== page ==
Why, Indeed Why, Indeed? photo and all text © Irene O’Garden 2014

 

To listen to this post, please click here:Why Let Your Hair Whisper?

Don’t you get a kick out of life? You just never know what you’re going to see when you pop into a shopping plaza.

Before I offer my answer to this interrobang-less question, however, I do want to note with warmth and affection that this vigorous and colorful bit of marketry was done entirely by hand—an increasing rarity in signage these days.

Nor does it feel like a corporate suggestion, or something someone would pick up on a salon-tips website, also an increasing rarity. “Why let your hair whisper when it can scream?” has the cachet of an original notion. Was it the boss’ vision, or an enterprising employee’s? Perhaps they are one and the same person.

Either way, you can picture the grinning artist with her stack of big printer paper and her markers, twirling away, bringing in business. For if I wanted my hair to scream, I’d want a salon where people clearly have fun with line and color and, in evidence on the smaller signs, scissors!

However, as far as the question itself goes, it’s nice to have an answer I don’t have to google (yet another increasing rarity?)

Because though my hair’s short, it’s still close to my ears.

 

 

Have you an answer you don’t need to google?

 

Thanks to the lovely Liz Gilbert for yesterday’s Facebook Fan Page post featuring my work!

As mentioned last week, our local newspaper, The Paper at Philipstown.info, is running “One Poem a Day Won’t Kill You” through April. Today’s video is me reading my poem “To My Husband Away On Business.” (Please click below.)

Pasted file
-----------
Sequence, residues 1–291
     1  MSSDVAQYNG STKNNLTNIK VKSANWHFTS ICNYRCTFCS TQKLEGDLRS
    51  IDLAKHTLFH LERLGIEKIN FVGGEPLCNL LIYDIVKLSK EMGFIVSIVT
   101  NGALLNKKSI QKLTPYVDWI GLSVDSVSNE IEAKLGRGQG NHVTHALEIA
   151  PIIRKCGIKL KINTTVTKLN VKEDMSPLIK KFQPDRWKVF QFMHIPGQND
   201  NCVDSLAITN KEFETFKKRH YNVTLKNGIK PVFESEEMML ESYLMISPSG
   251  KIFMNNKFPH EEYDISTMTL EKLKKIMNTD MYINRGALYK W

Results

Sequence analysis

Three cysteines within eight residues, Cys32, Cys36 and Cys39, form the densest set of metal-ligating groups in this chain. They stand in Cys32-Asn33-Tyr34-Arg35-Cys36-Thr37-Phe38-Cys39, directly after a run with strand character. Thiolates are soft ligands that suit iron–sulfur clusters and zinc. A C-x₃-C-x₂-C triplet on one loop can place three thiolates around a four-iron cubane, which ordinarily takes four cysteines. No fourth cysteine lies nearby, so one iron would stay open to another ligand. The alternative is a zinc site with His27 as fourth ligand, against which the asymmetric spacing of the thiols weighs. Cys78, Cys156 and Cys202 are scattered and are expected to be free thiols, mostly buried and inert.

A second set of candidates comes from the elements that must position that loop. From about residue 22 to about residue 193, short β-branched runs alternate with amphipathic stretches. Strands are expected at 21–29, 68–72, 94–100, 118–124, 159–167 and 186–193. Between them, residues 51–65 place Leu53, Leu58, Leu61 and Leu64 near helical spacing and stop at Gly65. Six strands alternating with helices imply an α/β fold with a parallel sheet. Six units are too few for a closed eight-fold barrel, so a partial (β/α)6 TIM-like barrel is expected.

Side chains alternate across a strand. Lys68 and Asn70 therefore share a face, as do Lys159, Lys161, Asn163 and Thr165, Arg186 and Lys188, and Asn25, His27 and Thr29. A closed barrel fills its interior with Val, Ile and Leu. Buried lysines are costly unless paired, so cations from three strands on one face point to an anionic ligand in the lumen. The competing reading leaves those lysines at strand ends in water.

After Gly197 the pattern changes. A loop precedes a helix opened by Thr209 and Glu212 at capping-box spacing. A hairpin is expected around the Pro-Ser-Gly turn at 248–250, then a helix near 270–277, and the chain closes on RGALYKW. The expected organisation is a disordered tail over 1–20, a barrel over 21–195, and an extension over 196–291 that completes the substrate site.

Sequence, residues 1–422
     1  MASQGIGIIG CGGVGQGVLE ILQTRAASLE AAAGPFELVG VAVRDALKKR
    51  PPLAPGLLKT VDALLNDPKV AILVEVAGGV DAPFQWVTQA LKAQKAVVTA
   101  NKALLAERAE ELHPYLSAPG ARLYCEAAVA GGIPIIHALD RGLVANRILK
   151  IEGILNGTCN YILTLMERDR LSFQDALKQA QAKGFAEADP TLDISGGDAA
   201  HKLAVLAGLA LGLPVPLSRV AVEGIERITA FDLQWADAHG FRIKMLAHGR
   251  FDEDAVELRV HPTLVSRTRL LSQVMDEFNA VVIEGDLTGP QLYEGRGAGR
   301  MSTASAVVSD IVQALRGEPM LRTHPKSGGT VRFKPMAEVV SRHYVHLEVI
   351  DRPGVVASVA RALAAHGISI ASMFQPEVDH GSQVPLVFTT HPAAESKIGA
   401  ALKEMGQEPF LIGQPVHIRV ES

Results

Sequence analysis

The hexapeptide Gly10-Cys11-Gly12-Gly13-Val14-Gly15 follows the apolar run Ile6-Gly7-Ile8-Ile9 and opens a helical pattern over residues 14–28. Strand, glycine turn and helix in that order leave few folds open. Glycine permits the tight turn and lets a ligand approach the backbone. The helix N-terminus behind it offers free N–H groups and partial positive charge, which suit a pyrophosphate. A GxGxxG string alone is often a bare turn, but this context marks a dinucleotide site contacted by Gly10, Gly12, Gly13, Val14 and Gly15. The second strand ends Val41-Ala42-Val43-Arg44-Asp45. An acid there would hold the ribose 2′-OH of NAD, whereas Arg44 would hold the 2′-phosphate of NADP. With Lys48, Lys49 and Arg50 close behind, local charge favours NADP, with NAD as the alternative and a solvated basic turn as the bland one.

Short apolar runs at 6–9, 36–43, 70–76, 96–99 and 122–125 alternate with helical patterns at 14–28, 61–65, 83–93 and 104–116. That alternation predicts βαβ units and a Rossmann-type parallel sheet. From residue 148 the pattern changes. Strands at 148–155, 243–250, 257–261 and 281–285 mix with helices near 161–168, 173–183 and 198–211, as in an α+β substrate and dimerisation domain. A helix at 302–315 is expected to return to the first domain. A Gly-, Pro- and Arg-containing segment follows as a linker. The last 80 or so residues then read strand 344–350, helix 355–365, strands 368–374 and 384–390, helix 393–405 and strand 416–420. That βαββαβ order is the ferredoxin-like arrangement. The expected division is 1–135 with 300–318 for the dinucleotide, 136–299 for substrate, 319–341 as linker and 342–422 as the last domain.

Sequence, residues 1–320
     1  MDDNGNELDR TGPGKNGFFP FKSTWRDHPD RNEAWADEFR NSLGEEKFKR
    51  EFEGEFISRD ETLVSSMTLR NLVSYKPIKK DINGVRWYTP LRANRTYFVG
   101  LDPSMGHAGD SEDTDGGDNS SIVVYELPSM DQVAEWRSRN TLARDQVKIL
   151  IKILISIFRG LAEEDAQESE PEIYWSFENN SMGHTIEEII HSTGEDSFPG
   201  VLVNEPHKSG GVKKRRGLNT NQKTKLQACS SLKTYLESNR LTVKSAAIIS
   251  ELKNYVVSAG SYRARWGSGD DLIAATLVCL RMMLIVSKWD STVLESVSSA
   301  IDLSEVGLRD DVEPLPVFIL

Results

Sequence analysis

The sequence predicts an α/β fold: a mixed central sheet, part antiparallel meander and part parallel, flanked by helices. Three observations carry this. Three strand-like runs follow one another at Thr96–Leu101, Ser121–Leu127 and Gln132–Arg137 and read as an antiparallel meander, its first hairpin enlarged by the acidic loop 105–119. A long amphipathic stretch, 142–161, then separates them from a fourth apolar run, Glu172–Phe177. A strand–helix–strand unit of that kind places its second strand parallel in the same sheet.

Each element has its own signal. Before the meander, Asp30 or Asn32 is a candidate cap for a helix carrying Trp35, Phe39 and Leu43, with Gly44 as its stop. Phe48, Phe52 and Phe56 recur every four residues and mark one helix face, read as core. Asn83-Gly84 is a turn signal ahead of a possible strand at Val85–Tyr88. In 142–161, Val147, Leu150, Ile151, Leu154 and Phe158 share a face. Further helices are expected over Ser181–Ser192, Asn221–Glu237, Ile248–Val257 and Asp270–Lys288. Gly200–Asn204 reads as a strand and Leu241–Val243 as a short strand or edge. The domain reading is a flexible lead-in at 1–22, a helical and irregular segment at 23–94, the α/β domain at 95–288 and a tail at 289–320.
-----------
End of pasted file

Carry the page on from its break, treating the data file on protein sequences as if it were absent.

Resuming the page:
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And a reminder that I’ll be a featured poet on May 2–please come hear the new work!

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SprungSprung, photo &  all text, © Irene O’Garden, 2014

To listen to this post, please click hereSprung: A Writer Wednesday Post

Though momentarily concealed, the sun was out long enough this week to bless the dining-room bouquet, soften the earth in the garden and distribute a general feeling of relief here in the Hudson Valley.

Help arrived yesterday and busted up the last crusty, recalcitrant, gravel-studded humps of snow; scraped away the tattered mats of autumn leaves, and leveled all the yellow silhouettes of “winter interest”—those grasses, rosehips, dessicated flowerheads we leave in the bleakened landscape to lift our hearts.

Snowdrops, crocuses, green poking spears –all the lovely little Spring clichés bring comfort, for I’m wrestling with the angel of an old writing project.  Caught myself thinking that finishing it will be quite an accomplishment.

But that approach can be a winter of its own. Does Nature “accomplish” Spring?  Is it a list of tasks she checks off one by one? When she’s finished, does she collapse in a cloud and say “Glad that’s done!”

Those poking crocuses remind us creative projects are not sets of tasks, either, but living things, with their own seasons, growing out of ourselves into themselves and at last, springing free of us.

 

What’s springing up in you these days?

Wanted to let you know about a delightful project our local newspaper, Philipstown.info is doing. Perhaps your community might enjoy creating this as well–I was asked to record one of my poems–it will air later this month

One Poem a Day Won’t Kill You” celebrates April as National Poetry Month by inviting community members to read a favorite poem, original or borrowed.  The project drew such an enthusiastic response that April may be a bit longer than usual this year.  Tune in each day for a new addition to a delightfully inspiring anthology of poems and voices.

 

 

 

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